Courses in Military History offered by the History Department are listed below:

  • HI 310X – War and Society in Modern China
  • HI 322 – United States Civil War and Reconstruction
  • HI 335 – The Vietnam War
  • HI 376 – European Warfare, 1600-1871
  • HI 377 – Insurgency and Terrorism in History
  • HI 379 – European Warfare since 1871
  • HI 385 – United States Military History to 1919
  • HI 386 – United States Military History since 1919
  • HI 387 – History of Air Power
  • HI 388 – Modern Spain:  Civil War and Colonial Conflict
  • HI 390 – Sea Power from the Age of Sail to the Early Twentieth Century
  • HI 391 – Sea Power in the Twentieth Century
  • HI 392 – World War I
  • HI 393 – World War II

Other courses that can be applied to the Military History minor depending on topic are:

  • HI 330 – Topics in Ancient History
  • HI 460W – Capstone Experience
  • HI 480 – Directed Study
  • HI 481 – 490 and HI 493 – 499 Special Seminar
  • HI 491W – Thesis Course for Honors
  • HI 492W – Thesis Course for Honors

The Department of History offers an honors program for history majors who, at the end of the first semester of their second-class year, have demonstrated excellence in their major field of study. The program involves an intensive reading course, a research paper, an oral examination on the paper, revision of the paper, and a second defense.  A cadet who completes this program will have earned nine hours of credit in history.  Participation in the Honors program fulfills the requirements for a writing intensive course and a methodologically intensive course in history and replaces the capstone course, HI 460W.

The course descriptions follow:

HI 372 Reading Course (Staff)                        3-0-3
Reading in depth in a selected field of history under the close supervision of a faculty member as preparation for an honors research paper.  Introduction to historical methodology and preparation of an annotated bibliography or such other preliminary project(s) as the advisor directs.  Prerequisite: admission to the honors program.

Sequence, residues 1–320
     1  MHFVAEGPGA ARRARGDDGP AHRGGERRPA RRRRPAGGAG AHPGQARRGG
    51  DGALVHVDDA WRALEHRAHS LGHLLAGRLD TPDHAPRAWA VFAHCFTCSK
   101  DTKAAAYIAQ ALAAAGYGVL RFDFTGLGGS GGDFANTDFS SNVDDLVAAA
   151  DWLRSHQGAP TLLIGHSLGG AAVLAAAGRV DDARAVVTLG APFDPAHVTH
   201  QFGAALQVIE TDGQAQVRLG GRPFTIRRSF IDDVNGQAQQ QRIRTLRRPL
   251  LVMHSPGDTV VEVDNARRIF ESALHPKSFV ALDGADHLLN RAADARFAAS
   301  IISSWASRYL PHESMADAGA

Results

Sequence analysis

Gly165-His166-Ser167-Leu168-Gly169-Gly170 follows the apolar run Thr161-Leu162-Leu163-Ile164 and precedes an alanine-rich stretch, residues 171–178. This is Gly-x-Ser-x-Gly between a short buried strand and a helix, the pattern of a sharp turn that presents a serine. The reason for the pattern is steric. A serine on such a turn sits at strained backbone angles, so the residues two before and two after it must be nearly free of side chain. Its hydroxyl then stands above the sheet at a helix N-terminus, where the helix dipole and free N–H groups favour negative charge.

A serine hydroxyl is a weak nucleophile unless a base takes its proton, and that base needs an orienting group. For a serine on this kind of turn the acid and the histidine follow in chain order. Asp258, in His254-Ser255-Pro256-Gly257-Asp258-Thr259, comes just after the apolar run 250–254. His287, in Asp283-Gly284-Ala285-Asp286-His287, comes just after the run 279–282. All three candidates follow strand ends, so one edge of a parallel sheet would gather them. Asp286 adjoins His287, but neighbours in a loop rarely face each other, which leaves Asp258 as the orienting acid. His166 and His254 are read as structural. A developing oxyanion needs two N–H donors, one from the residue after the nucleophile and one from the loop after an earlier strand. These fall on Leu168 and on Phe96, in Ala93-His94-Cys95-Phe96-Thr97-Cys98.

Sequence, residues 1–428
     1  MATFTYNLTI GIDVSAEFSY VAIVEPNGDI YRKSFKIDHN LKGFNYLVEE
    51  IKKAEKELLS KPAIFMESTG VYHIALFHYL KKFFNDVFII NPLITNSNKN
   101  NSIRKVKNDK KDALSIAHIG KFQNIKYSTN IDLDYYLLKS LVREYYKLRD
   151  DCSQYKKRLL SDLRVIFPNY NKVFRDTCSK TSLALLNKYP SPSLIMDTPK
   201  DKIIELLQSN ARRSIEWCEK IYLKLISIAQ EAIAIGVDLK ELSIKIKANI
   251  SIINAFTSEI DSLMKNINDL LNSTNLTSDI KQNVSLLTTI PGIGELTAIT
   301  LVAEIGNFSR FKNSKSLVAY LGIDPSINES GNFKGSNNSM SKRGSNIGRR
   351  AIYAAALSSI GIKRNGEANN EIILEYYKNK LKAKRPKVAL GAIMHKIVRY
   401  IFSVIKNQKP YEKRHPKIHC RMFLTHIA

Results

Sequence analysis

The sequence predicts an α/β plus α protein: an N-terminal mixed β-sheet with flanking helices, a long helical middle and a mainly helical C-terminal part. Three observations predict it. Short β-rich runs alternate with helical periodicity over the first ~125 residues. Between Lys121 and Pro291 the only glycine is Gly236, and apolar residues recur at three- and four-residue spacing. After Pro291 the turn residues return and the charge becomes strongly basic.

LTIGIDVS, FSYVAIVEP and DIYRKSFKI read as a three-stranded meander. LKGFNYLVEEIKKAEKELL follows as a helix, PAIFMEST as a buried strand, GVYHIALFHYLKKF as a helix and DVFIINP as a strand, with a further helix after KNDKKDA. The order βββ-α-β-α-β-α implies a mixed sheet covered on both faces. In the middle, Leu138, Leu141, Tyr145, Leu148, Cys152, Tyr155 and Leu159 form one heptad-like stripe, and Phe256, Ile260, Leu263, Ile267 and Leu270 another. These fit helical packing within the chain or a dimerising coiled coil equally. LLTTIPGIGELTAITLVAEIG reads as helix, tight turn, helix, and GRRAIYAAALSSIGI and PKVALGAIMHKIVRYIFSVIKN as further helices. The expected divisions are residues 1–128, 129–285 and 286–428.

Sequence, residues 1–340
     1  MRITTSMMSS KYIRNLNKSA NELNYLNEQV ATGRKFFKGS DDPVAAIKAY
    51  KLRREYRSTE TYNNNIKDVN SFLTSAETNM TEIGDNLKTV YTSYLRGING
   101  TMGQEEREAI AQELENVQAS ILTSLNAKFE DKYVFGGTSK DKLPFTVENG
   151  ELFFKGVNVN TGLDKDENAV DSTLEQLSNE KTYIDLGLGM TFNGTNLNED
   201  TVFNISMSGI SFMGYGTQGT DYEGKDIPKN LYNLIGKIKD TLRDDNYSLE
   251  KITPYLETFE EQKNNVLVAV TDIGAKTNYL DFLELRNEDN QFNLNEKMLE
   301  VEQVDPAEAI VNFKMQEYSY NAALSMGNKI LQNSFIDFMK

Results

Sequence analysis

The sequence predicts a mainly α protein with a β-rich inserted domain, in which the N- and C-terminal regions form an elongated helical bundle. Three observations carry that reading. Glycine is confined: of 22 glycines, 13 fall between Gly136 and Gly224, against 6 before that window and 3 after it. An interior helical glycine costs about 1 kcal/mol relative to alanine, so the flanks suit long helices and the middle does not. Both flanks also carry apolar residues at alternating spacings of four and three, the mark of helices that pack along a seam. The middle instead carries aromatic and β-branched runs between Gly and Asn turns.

HI 491W Thesis Course for Honors (Staff)     3-0-3
Research and writing of the honors paper under supervision of a faculty member. Oral examination on the honors paper.  Prerequisite: HI 372.

HI 492W Thesis Course for Honors (Staff)     3-0-3
Revision and second defense of the paper.  Final submission of the paper.  Prerequisite: HI 491W.

The purpose of the honors program is to give the candidate an opportunity to read widely in a chosen field, to do extensive research in that field, to organize research results by writing a paper based on that research, to defend the paper’s conclusions in an oral examination, to revise those conclusions into an acceptable final thesis, and to defend it in a second examination.

Entry into the honors program is voluntary, and although every qualified cadet is invited to apply for admission, none is under any pressure to do so. Admission to the program is not automatic; the departmental honors committee made up of three standing members screens candidates and consults with the potential advisors.  The committee then recommends to the department head those whom it feels are qualified, based upon the cadet's academic record and other factors, including availability of an appropriate faculty mentor for the project. 

To apply, a history major must have at least a 3.200 GPA in history (History 103-104, 200, 205-206, plus any other history courses taken through the cadet’s first five semesters) and a 3.000 cumulative GPA.  Cadets must maintain at least a 3.200 GPA in history courses to remain in the honors program and to graduate with honors. Those cadets who wish to engage in a research project, but either do not qualify for the honors program or elect not to enter it, are referred to HI 480, Directed Study. 

A cadet accepted into the program must propose a topic or area of study based on a preliminary consultation with the potential advisor.  Upon selecting a topic or area of study, the candidate is assigned by the honors committee to a thesis advisor and together they define the project, subject to review by the honors committee. Candidates are expected to confer at least once a week with their advisors throughout the program.